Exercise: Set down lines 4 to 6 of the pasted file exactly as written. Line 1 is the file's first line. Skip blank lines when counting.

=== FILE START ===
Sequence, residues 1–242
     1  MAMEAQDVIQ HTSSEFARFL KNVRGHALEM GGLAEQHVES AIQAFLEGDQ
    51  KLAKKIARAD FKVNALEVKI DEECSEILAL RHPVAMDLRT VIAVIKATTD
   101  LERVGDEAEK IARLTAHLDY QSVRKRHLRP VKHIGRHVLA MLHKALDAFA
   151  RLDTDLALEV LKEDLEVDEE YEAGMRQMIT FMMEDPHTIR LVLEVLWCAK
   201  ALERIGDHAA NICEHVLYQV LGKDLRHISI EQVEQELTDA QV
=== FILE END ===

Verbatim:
   101  LERVGDEAEK IARLTAHLDY QSVRKRHLRP VKHIGRHVLA MLHKALDAFA
   151  RLDTDLALEV LKEDLEVDEE YEAGMRQMIT FMMEDPHTIR LVLEVLWCAK
   201  ALERIGDHAA NICEHVLYQV LGKDLRHISI EQVEQELTDA QV